Saturday, 30 April 2016

Pebbles On The Shore

On Thursday we were off to Teignmouth for the launch of Pebbles on the Shore, an anthology of poems about the town. We went via the scenic route. 

Gibbet Hill and Brent Tor


Cox Tor car park
My glee at being on Dartmoor under my favourite circumstances - bright slanty sun and pewter cloud - dissipated as rain rolled in over Tavistock and hit the moor. Hard. 


The same rook which had been preaching in the shade of the ice cream van almost exactly three years earlier was there again, but wetter.   


There was nothing for it but to retreat to the car and eat a Magnum.  My dog, Ted, kindly offered to do some of the driving through driving rain.  





By the time we reached Shaldon, the weather was brilliant and beautiful ... 


 ... though fitful.


  















I'd felt a bit apprehensive about returning here while I was driving down the M5.  The sudden death last spring of the owner of the caravan park, where my family had two caravans, had resulted in a massive hoick in ground rent, followed in September by two months' notice to everyone to get their vans off the site so that his sons could install a fieldful of lodges at £180,000 apiece.  

It was painful to lose what had been our home from home for the last 45 years, but the nagging fear inside that the landscape I loved had somehow abandoned me turned out to be unfounded. (Of course it did!) I'd simply forgotten Herman Hesse's wise words: 'Home is within you, or home is nowhere at all.'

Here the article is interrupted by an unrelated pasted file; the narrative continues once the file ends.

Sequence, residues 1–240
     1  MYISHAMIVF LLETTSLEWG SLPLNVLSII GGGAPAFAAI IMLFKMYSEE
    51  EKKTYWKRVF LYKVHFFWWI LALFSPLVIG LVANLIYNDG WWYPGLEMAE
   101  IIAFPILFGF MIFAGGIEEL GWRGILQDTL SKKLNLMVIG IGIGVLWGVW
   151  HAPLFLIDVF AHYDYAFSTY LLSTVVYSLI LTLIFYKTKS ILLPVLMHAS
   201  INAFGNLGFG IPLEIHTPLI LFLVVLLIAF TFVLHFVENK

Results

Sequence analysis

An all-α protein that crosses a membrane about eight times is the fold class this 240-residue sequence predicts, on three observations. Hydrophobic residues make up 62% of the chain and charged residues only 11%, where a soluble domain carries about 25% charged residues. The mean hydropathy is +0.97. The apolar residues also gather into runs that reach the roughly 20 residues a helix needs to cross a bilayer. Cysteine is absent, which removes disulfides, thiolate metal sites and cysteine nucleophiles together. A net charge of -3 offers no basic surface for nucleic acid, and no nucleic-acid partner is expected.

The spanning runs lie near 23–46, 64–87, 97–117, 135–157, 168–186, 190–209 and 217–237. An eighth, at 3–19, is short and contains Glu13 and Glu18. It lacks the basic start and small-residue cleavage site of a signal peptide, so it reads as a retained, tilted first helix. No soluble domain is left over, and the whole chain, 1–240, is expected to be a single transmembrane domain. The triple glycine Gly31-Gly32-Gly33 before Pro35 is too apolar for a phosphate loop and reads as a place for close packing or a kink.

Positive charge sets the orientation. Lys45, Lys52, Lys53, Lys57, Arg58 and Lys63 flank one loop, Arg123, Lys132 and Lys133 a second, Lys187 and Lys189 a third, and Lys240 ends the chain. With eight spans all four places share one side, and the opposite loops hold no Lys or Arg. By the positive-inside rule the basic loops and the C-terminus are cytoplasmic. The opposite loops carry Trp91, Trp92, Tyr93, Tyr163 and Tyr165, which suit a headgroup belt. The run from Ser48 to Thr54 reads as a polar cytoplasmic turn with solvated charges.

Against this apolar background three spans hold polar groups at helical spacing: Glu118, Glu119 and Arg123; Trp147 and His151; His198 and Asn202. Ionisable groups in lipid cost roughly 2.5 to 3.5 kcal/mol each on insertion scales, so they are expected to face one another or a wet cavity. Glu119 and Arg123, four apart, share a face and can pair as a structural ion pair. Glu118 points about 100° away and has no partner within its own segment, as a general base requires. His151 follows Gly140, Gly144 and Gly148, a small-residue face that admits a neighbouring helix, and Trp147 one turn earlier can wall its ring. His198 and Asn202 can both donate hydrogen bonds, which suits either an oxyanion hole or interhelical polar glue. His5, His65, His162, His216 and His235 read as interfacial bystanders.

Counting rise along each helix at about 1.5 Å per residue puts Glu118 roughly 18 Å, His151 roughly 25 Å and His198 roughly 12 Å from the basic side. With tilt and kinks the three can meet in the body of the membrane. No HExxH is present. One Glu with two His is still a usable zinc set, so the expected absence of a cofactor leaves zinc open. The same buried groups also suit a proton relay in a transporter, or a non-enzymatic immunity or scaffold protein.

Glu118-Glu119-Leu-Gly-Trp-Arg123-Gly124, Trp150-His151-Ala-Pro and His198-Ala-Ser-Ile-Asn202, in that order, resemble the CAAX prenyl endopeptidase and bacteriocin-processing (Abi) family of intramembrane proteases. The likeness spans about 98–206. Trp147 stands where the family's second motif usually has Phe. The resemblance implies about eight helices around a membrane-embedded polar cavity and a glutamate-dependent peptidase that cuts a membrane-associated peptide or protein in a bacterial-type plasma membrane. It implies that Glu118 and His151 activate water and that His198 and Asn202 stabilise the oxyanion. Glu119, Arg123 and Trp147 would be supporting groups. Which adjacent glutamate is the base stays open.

So now I was looking at everywhere with new eyes, stripped of complacency.  A new relationship, a fresh and fruitful way of interacting with a place that is part of my heart.  And still less than 100 miles from where I live.  





(Of course, we wouldn't be in this situation if my parents had bought this house, Thalassa, when it was offered to them decades ago, but £3,000 was a huge sum then and they couldn't raise it.)
I must have eaten dozens of meals in the Clipper over the years, but this was the first since they dismantled the glass-walled booth selling souvenirs of Devonshire pixies and unpinned the tea towels from the walls, and it was by far the best, being decidedly palatable.  The cider was pretty good too. And it's dog friendly. 

A quick wander up to the bridge ...

... a glimpse of a still rainy moor ... 

... a peep down School Lane, through which my sister and I would walk to fetch our dad's newspaper ...

... a peek at the river between cottages ... 

... and it was time to head to the Alice Cross Centre in Teignmouth for the launch of Pebbles on the Shore.  

As well as reading some of the poems, anthology editor Neil Howell explained about the work of the Centre and gave the audience background information about them, while the artist Maureen Fayle spoke about her ink illustrations, many of which were executed in part with twigs.  I love this one of the back beach she drew to accompany my poem, The Poet and the Boatman, which you can read here

The whole evening went well, and it was a pleasure to meet some of the local poets. Even Ted behaved himself, although in the penultimate poem I heard a couple of loud, theatrical sighs emanating from the back of the hall to signal that even dogs who are dark poets can sometimes get poetried out.  









Information about Pebbles on the Shore and where to buy it is here on Neil's blog.  

'The Poet and the Boatman' is from my collection, Map Reading For Beginners.




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